Right to education- Article 24 The convention gives persons with intellectual disabilities the same right to education as all other children, teenagers and adults. The education system of each country must be inclusive. This means there is one system of education that meets the needs of all. They must be able to participate in education alongside others – no more segregation!!!!.
What self advocates say Our lack of education Our lack of formal education is the extra handicap we are all forced to carry. Through out the world, as children with an intellectual disability, there are of us out of school than in school. Very few of us who live in developing countries get the chance to go to school as children. The situation is even worse for those of us who are girls.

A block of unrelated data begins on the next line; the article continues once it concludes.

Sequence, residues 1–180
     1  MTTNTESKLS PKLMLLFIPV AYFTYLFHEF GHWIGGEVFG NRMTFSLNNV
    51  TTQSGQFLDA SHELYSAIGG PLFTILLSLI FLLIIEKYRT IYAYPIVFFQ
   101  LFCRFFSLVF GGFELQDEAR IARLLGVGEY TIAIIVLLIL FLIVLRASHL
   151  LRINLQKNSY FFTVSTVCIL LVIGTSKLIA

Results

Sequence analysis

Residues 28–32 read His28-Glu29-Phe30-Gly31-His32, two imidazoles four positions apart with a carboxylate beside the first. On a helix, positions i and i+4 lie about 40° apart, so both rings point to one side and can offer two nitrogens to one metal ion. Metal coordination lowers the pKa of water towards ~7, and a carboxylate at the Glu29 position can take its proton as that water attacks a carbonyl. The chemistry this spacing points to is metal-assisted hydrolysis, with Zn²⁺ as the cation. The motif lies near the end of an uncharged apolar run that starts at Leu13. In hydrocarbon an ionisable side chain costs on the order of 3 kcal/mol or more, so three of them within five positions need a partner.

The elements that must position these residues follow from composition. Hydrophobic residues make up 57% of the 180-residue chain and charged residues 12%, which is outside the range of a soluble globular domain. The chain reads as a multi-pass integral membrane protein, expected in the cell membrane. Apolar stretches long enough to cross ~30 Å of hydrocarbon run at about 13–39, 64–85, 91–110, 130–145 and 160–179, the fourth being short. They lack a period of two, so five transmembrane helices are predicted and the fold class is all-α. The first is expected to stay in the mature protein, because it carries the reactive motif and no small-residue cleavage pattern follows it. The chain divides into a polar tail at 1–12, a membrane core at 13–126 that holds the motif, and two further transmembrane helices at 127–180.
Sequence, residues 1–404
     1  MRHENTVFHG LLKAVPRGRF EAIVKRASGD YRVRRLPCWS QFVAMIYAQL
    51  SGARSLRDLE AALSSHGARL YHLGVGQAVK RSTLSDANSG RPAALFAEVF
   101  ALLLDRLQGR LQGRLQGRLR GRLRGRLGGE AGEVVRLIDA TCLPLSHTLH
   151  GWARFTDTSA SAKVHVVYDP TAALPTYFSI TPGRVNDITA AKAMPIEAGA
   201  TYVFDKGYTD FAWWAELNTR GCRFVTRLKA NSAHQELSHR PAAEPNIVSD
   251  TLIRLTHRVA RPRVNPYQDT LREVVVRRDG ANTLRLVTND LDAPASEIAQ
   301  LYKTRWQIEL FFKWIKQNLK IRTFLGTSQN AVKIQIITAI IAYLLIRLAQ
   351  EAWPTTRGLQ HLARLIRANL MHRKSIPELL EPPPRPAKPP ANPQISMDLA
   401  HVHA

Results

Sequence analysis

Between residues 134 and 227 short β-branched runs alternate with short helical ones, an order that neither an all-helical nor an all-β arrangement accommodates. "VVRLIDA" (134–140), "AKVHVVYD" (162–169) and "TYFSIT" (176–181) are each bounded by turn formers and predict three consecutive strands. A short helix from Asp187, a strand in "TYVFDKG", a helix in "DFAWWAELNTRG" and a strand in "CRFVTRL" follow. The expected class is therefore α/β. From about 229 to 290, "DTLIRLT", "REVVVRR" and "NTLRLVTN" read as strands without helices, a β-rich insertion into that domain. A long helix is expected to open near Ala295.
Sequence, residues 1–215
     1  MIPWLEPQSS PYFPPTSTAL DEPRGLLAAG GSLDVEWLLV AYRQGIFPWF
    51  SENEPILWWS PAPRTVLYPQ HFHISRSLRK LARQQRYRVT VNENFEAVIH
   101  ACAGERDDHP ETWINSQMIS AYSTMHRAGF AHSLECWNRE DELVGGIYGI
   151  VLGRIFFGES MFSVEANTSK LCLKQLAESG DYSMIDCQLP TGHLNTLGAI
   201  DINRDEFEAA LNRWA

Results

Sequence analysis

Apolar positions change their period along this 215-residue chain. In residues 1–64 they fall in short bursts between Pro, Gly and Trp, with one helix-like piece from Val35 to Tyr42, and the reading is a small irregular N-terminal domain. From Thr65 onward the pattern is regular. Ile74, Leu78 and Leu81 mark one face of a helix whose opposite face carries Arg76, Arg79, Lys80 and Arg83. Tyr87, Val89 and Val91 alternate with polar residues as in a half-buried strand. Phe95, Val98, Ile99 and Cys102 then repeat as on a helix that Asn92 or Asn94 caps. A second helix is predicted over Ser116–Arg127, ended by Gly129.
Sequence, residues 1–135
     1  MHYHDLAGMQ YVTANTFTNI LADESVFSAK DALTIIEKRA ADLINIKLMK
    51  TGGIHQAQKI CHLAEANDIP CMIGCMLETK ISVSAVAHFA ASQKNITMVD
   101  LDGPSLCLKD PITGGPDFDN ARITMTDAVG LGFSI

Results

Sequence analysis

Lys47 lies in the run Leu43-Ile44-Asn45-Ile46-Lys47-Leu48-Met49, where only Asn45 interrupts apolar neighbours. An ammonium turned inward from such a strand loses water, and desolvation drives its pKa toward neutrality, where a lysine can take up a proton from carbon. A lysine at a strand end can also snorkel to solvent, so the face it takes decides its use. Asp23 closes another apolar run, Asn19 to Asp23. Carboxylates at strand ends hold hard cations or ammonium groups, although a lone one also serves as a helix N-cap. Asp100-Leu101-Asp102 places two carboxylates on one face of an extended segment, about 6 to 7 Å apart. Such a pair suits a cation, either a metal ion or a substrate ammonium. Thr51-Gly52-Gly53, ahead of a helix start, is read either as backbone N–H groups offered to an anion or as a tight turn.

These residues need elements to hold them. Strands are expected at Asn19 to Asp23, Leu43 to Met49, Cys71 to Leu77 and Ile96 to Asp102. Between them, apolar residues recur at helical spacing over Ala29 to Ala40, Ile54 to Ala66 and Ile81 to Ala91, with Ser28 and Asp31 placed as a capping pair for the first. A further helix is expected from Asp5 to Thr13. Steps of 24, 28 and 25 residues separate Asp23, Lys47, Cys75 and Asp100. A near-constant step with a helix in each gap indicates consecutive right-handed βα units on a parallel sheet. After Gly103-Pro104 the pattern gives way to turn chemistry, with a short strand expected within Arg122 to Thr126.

Right to equal treatment before the law- Article 5 The Convention will ensure that: The legal rights of persons with intellectual disabilities will be protected in the same way as others. They will have the right to be a witness when crimes are committed against them. They will be person before the law and under the law in the same way as others.
What self advocates say • Many of us are not seen as full citizens in our own country. • Our birth has not always been registered and therefore we are not protected by our laws. • When others commit crimes against us they often get away with it because we are not seen as having the ability to be a witness. • This often leads to others believing that they can commit crimes against us and they will not be punished. • This is why so many of us are abused and ill treated by others. Equal under the law We are entitled to the same rights as others and the protection of our rights in the way as others.